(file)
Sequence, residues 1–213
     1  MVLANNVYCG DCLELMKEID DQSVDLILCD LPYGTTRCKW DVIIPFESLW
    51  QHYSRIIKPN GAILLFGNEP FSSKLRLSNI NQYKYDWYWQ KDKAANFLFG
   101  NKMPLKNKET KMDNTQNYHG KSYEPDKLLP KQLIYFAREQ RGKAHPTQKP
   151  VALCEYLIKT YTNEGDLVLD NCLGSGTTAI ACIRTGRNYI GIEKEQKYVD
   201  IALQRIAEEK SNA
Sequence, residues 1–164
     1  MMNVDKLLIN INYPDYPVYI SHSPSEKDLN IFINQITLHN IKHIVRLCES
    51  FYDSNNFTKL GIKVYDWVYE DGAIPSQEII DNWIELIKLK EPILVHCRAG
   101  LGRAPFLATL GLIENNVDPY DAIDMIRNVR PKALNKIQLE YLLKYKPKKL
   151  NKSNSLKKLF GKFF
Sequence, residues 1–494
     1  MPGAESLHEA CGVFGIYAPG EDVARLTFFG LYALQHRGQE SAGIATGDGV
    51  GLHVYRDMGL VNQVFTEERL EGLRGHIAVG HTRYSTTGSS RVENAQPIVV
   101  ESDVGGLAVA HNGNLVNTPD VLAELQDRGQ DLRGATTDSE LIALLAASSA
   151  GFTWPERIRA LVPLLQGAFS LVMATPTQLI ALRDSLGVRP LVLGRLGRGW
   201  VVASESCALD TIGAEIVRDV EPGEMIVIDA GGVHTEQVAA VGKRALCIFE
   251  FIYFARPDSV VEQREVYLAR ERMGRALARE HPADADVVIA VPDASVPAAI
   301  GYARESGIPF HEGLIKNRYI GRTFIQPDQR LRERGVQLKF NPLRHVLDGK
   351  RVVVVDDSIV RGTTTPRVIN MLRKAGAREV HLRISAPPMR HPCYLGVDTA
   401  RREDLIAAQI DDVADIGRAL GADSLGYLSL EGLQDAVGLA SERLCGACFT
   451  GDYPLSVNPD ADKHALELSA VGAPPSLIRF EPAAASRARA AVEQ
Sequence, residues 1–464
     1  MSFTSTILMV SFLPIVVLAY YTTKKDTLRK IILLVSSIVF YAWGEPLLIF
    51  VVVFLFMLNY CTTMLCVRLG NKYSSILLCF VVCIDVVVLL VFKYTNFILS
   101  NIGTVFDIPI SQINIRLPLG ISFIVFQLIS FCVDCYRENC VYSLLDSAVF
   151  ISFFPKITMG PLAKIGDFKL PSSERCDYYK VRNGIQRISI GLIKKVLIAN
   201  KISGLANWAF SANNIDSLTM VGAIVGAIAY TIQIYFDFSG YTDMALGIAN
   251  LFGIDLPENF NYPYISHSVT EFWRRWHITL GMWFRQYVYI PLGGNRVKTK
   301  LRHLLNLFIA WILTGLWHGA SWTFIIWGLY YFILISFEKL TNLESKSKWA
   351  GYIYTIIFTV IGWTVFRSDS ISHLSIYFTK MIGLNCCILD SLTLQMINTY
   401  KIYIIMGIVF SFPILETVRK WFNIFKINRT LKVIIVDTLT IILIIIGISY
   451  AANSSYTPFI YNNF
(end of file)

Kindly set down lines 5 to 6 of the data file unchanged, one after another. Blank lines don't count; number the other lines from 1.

   151  VALCEYLIKT YTNEGDLVLD NCLGSGTTAI ACIRTGRNYI GIEKEQKYVD
   201  IALQRIAEEK SNA